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Public Employment, Taxes, and the Welfare State in Sweden

In: The Welfare State in Transition: Reforming the Swedish Model

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  • Sherwin Rosen

Abstract

All employment growth in Sweden since the early 1960's is attributable to labor market entry of women, working in local public sector jobs that implement the Welfare State. Sweden has 'monetized' or 'nationalized' the family. Women are paid at public expense to provide household services for other families. Subsidizing purchased household services encourages labor force participation of women through substitution of market- for self-provided services. It also reduces the marginal cost prices of household goods and encourages substitution of household goods for material goods. A kind of social cross-hauling occurs: when subsidies are increased and taxes raised to finance them, production of material goods declines and production of household goods increases. Women enter the market and work more in each other's households and less in the material goods sector. Efficiency distortions of current child policies in Sweden may be as large as half of total expenditures on childcare. The current 90% subsidies to public childcare probably involve large deadweight losses. A one percent decline in the rate of subsidy accompanied by balanced budget tax decreases would reduce the deadweight losses of tax distortions by one percent, at current policy levels.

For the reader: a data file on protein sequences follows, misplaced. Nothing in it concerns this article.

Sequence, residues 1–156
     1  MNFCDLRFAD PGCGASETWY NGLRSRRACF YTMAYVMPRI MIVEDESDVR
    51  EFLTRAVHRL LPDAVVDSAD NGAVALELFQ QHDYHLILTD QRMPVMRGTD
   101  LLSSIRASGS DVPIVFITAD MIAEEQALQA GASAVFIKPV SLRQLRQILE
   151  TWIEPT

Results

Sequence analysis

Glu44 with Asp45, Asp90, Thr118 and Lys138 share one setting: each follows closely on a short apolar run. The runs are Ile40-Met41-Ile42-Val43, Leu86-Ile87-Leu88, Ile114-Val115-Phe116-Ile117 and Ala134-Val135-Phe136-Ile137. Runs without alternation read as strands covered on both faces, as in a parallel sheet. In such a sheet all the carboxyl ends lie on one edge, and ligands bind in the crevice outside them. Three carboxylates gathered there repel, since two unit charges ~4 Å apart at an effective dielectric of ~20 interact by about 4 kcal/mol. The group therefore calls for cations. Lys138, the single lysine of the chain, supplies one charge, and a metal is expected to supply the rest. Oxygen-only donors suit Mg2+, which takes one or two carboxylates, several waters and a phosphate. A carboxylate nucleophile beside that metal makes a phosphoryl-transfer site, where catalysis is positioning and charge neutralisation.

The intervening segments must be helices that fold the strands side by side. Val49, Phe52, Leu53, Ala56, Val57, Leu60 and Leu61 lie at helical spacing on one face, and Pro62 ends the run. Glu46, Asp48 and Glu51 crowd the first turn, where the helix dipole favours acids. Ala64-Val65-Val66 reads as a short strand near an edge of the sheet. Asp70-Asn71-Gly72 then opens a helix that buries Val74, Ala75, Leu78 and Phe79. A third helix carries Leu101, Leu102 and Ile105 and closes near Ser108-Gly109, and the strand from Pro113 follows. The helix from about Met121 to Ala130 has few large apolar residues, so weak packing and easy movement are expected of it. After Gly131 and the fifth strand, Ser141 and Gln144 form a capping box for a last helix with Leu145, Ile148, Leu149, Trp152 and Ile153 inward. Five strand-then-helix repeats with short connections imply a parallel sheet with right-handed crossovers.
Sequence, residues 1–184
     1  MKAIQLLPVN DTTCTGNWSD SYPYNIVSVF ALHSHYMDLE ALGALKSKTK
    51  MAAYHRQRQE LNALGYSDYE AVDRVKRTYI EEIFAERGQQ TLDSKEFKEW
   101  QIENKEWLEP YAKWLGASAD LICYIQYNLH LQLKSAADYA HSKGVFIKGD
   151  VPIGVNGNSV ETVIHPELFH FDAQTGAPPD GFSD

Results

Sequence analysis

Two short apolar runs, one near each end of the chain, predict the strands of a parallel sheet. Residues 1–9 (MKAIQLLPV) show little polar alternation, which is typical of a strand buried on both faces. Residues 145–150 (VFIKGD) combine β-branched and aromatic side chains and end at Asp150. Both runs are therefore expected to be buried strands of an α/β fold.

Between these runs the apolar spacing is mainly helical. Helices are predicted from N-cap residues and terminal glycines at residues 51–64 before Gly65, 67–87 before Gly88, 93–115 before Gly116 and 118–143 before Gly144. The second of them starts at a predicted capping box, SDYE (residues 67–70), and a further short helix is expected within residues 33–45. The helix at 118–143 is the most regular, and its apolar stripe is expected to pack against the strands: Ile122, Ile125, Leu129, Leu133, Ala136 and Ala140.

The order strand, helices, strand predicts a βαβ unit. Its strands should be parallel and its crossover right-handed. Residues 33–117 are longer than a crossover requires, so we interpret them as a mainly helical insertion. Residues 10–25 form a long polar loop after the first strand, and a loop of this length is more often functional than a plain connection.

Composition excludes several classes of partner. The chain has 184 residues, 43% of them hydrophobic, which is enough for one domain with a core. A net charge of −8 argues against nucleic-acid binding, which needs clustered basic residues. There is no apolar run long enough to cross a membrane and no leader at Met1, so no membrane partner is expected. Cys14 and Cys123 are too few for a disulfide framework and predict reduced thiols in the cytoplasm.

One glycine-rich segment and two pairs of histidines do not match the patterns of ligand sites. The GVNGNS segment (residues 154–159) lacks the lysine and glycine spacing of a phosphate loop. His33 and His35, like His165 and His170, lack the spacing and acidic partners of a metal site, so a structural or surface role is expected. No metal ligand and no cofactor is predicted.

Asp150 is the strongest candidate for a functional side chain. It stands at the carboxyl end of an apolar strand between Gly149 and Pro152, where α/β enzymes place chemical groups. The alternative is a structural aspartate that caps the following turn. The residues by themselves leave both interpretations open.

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Suggested Citation

  • Sherwin Rosen, 1997. "Public Employment, Taxes, and the Welfare State in Sweden," NBER Chapters,in: The Welfare State in Transition: Reforming the Swedish Model, pages 79-108 National Bureau of Economic Research, Inc.
  • Handle: RePEc:nbr:nberch:6520
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    1. Lindbeck, Assar, 1982. "Tax Effects versus Budget Effects on Labor Supply," Economic Inquiry, Western Economic Association International, vol. 20(4), pages 473-489, October.
    2. Gronau, Reuben, 1977. "Leisure, Home Production, and Work-The Theory of the Allocation of Time Revisited," Journal of Political Economy, University of Chicago Press, vol. 85(6), pages 1099-1123, December.
    3. Ribar, David C, 1995. "A Structural Model of Child Care and the Labor Supply of Married Women," Journal of Labor Economics, University of Chicago Press, vol. 13(3), pages 558-597, July.
    4. Bergstrom, Ted & Blomquist, Soren, 1996. "The political economy of subsidized day care," European Journal of Political Economy, Elsevier, vol. 12(3), pages 443-457, November.
    5. Siv Gustafsson & Frank Stafford, 1992. "Child Care Subsidies and Labor Supply in Sweden," Journal of Human Resources, University of Wisconsin Press, vol. 27(1), pages 204-230.
    6. Sandmo, Agnar, 1990. "Tax Distortions and Household Production," Oxford Economic Papers, Oxford University Press, vol. 42(1), pages 78-90, January.
    7. N. S. Blomquist & U. Hansson-Brusewitz, 1990. "The Effect of Taxes on Male and Female Labor Supply in Sweden," Journal of Human Resources, University of Wisconsin Press, vol. 25(3), pages 317-357.
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